So we got to baking.

These were my helpers. If you've never baked with a 5, 3 and 1 year old, I don't reccomend it. Unless you are comfortable with a lot of chaos. And the chances that you will loose count while putting in the sugar or flour.

We used my Mom's sweet Myer lemons. There is no better variety. Both the peel and the juice are needed for this recipe. That is why the boys love this bread. They get to use tools.

Into the oven,
They came out lovely, like always. We bagged them still warm and tied on a handmade tag.

And then we set off. All three of the kids wanted to hold the basket. Making deliveries is fun.

Lilly was the first one up the steps. Even Sally cat came with us. It was the whole family.

We told the kids to shout, "Merry Christmas!" when the door opened. Lilly was really into it.

We walked from house to house to house together.

Sometimes people weren't home,

and we'd just leave their bread on the door step.

But the people that were home seemed happy to see us. They loved hearing the kids yell, "Merry Christmas!" When they held the bread, they all said, "mmm, still warm." We chatted for a minute or 2 and made a connection.
We let them know we cared. That we are glad to be their neighbor.

We came home to our house aglow with Christmas lights and the kids bouncing all over the place. It was fun, we decided. It is fun to give. Even something as small as a loaf of lemon bread, to say, I'm glad to be here and be a small part of your life.
We're going to do the whole block.


jennifer said...

that bread looks so yummy. and i love the pic of the christmas lights on the house. great composition.

Lillian said...

Thus blog.....those pictures....they make me feel incredibly happy.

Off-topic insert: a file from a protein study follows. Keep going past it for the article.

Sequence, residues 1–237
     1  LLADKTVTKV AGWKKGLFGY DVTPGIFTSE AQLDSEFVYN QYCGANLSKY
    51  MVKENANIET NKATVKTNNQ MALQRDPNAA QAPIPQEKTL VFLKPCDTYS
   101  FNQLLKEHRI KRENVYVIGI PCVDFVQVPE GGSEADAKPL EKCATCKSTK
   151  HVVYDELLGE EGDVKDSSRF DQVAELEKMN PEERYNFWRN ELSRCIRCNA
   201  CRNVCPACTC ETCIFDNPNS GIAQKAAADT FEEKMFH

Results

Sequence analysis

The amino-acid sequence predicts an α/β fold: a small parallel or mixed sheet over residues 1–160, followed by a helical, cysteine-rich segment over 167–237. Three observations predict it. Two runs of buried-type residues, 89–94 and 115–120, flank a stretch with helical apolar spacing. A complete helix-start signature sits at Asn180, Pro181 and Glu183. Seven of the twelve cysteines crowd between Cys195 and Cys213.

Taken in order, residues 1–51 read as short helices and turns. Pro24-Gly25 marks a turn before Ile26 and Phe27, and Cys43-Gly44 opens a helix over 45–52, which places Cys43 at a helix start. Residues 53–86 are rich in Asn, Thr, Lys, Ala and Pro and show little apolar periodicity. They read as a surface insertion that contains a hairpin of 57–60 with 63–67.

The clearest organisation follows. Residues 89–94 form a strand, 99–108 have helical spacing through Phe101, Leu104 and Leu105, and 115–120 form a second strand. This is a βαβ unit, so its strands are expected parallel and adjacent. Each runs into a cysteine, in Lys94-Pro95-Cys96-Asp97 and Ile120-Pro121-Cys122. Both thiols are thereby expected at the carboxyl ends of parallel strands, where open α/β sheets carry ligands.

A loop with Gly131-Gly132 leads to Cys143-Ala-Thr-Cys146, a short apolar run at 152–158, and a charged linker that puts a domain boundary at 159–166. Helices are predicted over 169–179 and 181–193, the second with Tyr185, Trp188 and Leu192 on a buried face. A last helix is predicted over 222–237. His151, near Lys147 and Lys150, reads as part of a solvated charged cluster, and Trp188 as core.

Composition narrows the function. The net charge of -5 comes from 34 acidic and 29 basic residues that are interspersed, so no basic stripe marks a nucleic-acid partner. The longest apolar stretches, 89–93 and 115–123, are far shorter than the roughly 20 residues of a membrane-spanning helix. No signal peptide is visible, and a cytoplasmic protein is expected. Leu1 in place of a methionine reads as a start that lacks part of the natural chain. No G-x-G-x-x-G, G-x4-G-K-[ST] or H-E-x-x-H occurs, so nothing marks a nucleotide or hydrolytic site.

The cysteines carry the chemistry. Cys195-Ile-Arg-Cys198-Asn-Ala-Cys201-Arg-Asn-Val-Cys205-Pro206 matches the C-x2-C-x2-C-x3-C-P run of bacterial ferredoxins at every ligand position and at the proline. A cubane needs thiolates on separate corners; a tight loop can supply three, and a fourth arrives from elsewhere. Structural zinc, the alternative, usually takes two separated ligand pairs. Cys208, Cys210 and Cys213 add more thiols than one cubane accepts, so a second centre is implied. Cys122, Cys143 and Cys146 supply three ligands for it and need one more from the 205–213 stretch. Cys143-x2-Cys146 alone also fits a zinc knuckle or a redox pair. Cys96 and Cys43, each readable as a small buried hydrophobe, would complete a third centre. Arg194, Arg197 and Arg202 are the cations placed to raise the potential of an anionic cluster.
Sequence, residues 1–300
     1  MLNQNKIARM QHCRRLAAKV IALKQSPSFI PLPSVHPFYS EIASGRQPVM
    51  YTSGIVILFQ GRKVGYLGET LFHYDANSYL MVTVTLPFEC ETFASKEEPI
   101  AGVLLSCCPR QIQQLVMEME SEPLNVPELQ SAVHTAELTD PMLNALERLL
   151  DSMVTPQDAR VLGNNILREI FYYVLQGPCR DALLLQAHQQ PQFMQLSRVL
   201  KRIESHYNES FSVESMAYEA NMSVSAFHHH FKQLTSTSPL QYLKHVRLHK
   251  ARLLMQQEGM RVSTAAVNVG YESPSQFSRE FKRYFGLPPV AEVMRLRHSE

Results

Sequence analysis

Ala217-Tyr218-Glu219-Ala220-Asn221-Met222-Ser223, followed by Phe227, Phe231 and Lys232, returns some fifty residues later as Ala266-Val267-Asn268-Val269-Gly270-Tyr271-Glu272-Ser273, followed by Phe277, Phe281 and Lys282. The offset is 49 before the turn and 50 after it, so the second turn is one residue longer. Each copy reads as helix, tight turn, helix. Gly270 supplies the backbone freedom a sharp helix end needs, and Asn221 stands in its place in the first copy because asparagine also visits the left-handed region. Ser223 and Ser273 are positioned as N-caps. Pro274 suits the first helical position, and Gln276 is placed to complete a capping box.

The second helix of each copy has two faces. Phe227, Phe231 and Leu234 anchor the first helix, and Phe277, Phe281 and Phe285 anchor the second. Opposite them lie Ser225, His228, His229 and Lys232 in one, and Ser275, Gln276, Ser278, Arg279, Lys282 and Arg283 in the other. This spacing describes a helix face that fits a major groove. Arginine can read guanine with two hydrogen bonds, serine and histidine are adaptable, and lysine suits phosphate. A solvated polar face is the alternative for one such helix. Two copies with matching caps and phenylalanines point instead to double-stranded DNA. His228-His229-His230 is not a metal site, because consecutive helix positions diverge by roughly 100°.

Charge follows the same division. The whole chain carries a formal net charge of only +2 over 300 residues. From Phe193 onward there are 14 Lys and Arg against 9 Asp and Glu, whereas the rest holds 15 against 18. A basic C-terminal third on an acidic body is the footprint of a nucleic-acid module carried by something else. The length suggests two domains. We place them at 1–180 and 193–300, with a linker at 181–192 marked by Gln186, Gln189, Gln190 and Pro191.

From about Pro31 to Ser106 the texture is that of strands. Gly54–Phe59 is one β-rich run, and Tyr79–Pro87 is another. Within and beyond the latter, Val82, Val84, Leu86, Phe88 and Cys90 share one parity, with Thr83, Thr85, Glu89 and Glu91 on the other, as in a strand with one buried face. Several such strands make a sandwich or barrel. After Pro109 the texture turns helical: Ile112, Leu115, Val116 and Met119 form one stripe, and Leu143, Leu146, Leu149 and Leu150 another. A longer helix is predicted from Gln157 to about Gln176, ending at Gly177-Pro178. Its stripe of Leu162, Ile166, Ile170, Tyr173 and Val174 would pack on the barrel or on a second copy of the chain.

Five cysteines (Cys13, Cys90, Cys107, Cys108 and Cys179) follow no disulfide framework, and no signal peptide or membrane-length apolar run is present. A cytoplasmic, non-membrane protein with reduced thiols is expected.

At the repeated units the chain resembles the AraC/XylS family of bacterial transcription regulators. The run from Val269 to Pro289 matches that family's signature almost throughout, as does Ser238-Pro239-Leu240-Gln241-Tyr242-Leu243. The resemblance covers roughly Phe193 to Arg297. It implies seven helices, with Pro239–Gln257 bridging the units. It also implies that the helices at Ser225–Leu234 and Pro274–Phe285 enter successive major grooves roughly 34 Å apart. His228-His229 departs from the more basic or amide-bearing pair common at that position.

Susan said...

This is a great post and it really resonates with me. We have almost always (since we've been married this past 10 years) lived in an apartment in an area where people were constantly moving in and moving out. Heck, we've moved three times, too. When we first got married my husband was in grad school, so we were living in university housing - with not too many kids, sadly. then he finally got his phd and we moved to d.c., where everybody around us was moving due to having a government job or whatever else so making friends wasn't easy at all. And now we live so close to uc san diego, with a lot of college kids and not a lot of kid kids, and even more moving in and out. Because of this, I keep waiting to someday - if at all possible - live in a neighborhood and finally plant my roots down deep. Heck, for the first two homes we've been in I barely even felt the desire to put up pictures of our family. It's so sad.

Thank you for this reminder - which I've found over the years that I need on a regular basis - to live where I am, when I am. To be here now.

Hugs to you. And yay for freshly baked bread and kiddos in the kitchen :O) I don't know how to cook any other way!

Jackie Cook said...

What a lovely poignant story. Get's you thinking which is what your blogs do Greta....keep it up because it's special

Erin McDonald said...

thanks for that reminder that we are live where we are. I have dreamed about living here for years now and well here I am seven floors up in a high rise and only know one real neighbor ( not for lack of trying) and just dream of the day when we too have a family and live in a community where people know and care for each other! I know there are seasons and this is one I need to enjoy for it too will pass! I too miss our old place in Riverside! but I love it here too! I am glad you got out there and meet your new neighbors and shared your sweet children and yummy bread with them!
I love you!

Erin McDonald said...

I forgot to mention that I LOVE Lilly's hair! Pig tails are so cute and hers were way cute!